Last spring many criticized Florida strawberry growers for plowing under their crop when it was obvious that spending more money to pick and distribute it would only add to their financial loss.
They were called stingy and greedy by their detractors and told they should harvest the crop and give it to the needy. When I suggested the critics pay for the harvesting and distribution, then join with the farmers to give it to the needy, I was chastised by these do-gooders for my gullibility.
Recently I discovered a fine example of what I was hoping they might consider — a mutual effort for the betterment of our fellow man between farmers and a community in eastern Idaho.
Local residents and volunteers are helping pack 300,000 food aid packets for victims of disaster and tragedy who are suffering, particularly children, from malnutrition and famine.
These 9-ounce packets are protein and electrolyte-enriched dried potato flakes. The Idaho Potato Commission (farmers) put up part of the money and the packs will be distributed by a national aid group.
This sort of American generosity is typical of our country.
Every so often we hear the United Nations criticize the U.S. by saying we, as a percentage of Gross National Product, donate less aid than many U.N. members. That is like saying a farmer who donates 100 pounds of potatoes to the needy, donates less than a backyard gardener who donates 10 pounds. Who contributes more?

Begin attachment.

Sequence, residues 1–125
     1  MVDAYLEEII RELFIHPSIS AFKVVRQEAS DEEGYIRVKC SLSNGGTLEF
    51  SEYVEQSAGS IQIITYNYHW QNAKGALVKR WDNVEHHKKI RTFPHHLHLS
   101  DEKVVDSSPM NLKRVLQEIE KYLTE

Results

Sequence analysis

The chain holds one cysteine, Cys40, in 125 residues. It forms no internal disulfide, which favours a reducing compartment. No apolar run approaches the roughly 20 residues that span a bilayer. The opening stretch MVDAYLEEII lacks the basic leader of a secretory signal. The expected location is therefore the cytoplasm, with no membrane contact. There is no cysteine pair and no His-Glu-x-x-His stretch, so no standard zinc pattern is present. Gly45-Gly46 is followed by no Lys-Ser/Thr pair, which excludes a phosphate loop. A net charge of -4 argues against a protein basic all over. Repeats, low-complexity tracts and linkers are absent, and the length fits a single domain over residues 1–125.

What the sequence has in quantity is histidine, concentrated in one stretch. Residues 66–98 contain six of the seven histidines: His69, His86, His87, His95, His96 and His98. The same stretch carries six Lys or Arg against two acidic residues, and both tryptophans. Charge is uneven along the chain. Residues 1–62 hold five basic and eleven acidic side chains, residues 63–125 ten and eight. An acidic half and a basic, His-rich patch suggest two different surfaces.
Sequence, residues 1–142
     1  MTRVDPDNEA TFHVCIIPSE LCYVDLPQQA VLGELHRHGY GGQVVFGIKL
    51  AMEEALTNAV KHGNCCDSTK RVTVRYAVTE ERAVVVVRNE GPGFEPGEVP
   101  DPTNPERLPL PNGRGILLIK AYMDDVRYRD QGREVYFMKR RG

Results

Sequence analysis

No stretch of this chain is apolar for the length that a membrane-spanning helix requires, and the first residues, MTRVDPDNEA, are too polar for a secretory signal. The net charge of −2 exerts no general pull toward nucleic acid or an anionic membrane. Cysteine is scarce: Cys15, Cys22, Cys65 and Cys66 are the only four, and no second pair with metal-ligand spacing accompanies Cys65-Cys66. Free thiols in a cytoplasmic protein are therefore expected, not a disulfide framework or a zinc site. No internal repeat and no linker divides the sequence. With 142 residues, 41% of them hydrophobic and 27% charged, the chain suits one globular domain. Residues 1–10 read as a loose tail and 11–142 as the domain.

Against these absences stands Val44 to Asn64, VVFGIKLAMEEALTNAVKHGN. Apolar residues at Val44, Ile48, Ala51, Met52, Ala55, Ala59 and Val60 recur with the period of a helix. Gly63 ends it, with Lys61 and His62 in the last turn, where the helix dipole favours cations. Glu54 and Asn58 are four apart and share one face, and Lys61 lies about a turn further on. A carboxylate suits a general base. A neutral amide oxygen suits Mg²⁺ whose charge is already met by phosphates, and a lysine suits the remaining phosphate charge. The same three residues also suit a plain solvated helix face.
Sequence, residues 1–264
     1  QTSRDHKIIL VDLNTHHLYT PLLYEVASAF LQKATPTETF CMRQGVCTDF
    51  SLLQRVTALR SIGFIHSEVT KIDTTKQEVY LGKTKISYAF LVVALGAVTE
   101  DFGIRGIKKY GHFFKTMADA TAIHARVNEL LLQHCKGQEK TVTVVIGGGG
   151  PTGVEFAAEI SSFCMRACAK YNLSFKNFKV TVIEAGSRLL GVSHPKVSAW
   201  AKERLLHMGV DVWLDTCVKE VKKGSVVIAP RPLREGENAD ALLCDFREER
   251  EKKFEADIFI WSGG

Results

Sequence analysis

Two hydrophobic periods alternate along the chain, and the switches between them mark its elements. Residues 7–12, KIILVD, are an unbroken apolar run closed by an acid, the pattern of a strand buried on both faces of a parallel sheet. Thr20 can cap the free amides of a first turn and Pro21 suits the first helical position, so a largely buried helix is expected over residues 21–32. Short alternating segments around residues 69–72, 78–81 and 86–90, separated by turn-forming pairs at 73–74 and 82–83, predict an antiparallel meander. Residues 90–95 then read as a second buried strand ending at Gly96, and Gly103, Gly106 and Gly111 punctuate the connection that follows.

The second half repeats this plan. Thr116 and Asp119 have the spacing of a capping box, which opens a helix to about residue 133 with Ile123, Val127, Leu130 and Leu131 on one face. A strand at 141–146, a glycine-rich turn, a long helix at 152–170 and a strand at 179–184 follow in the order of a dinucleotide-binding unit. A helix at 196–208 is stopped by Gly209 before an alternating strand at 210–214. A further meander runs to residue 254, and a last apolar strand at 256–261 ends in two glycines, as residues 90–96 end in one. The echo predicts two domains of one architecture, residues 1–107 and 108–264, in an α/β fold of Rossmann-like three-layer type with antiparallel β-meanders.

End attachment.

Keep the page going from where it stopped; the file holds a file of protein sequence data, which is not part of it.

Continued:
I guess it depends on whether you view it from the critic’s side or the side of the needy. But the 500-pound gorilla in the room that is the need’s saving grace, is the generosity and private giving of the American citizen.
Following the tragic Indonesian tsunami, our government initially pledged less than Germany, Australia or Japan. However, within six months, American private contributions had equaled the pledge of all three countries combined.
In times of crisis, even during our recession, American citizens dig in and donate. In Louisiana, Haiti, North Korea, Africa, all over the world, the generosity of the American people is recognized and counted on.
We citizens who work to earn all this money that the government takes from us and then spends, sit at home watching our leaders expound in numbers of millions and billions and trillions that we are spending. The amounts boggle our mind. We worry how we will ever dig ourselves out of this black hole of debt. And yet …
I just read that our ships have arrived in flood-ravaged Pakistan with food, supplies, rescue helicopters and 1,000 Marines. We, the taxpayers have pledged $150 million in emergency assistance.
“Only $150 million? Is that all?”
And not a one of us says, “Wait a minute! We are hemorrhaging money, I’m behind on my credit card, how can we afford to do this?”
The answer is, we just do it. Because conservative or liberal, city or country, rich or poor, we know it is our responsibility.
Where does this generosity come from? In survey after survey by those who are professional fundraisers for non-political worthy causes, the single biggest factor that determines who is the most likely to give time or money is … they are regular churchgoers.
“Under God, indivisible, and there to lend a hand.”